Slim lead for NPA’s Ken Sim in Vancouver mayor’s race, one-third of voters undecided: Poll
With three months to go before Vancouverites head to the polls in a civic election, the Non-Partisan Association’s (NPA) Ken Sim has a slim edge, according to a new poll.
The survey from Research Co. put Sim at 26 per cent, followed closely by independent and former Burnaby NDP MP Kennedy Stewart at 25 per cent.
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Vision Vancouver’s Ian Campbell trails at 20 per cent, while independent Shauna Sylvester earned the support of 11 per cent.
The race is rounded out by former Conservative MP and Coalition Vancouver candidate Wai Young at eight per cent, NPA Coun. and Yes Vancouver candidate Hector Bremner at five per cent and David Chen of ProVancouver at four per cent.
The poll also found the pool of undecided voters starting to shrink. Research Co.’s last survey pegged 47 per cent of respondents as undecided, while Thursday’s poll put the number at 35 per cent.
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However, Research Co. president Mario Canseco said voters still say they need to know more.
“There’s almost two thirds who say they don’t have enough information about the candidates,” he said.
Among the two front runners, clear divisions of support have emerged, according to the poll.
Sim holds a lead among men (32 per cent), West Side residents (31 per cent) and people older than 55 (36 per cent).
Stewart, by contrast, leads among women (30 per cent), East Vancouver (29 per cent) and downtown (32 per cent) residents and people aged 35 to 54 (31 per cent).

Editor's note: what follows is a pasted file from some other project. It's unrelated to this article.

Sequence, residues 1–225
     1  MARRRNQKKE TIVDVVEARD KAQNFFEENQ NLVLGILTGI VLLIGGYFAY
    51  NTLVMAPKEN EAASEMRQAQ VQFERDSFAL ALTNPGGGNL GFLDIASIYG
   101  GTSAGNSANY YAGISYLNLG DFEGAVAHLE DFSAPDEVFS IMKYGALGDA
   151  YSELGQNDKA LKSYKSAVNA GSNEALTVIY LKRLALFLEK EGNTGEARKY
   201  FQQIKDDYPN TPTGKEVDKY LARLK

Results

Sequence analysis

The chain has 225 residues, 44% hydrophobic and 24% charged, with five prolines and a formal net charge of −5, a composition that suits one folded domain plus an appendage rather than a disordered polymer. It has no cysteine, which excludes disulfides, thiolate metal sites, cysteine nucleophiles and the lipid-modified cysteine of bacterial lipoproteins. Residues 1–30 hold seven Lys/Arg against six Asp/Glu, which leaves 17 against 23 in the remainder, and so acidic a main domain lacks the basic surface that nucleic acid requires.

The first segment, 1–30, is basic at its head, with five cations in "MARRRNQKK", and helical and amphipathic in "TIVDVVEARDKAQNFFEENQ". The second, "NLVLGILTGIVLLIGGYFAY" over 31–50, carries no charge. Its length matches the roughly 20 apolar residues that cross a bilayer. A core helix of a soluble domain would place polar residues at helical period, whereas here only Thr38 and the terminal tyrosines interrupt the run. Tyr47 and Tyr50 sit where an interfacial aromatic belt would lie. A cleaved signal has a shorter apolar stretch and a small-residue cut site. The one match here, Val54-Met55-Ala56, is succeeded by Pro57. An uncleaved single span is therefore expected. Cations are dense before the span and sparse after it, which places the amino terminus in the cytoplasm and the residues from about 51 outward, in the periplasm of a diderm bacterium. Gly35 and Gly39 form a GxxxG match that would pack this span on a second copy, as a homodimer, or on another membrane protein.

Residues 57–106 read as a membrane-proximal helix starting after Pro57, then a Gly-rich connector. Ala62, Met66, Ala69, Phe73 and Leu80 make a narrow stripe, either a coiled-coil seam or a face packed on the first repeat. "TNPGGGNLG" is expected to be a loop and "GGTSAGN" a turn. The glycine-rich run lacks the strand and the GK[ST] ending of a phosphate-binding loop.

On issues, the poll found housing continues to resonate, Canseco said.
“The number-one issue is housing affordability, and it’s definitely going to be the one thing the voters are going to talk to about and question the candidates [about] as we get closer to the election,” he said.
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According to the poll, 82 per cent of respondents said affordability is worse in Vancouver than other Metro Vancouver cities. More than half (57 per cent) also said developers have an outsized influence in the city compared to neighbouring municipalities.
Two-in-five respondents said quality of life is better in Vancouver, while three-in-10 said public safety was better.
The poll also asked Vancouverites what they thought of the idea of amalgamating Metro Vancouver into one municipality, as was done in Toronto in 1998.
About three-in-10 (31 per cent) said they liked the idea, while just under half (48 per cent) disagreed with it.
Vancouver’s municipal election is scheduled for October 20.
The poll was conducted online between July 13 and 16, among 400 adult Vancouver residents. It is considered accurate within +/- 4.9 per cent, 19 times out of 20.
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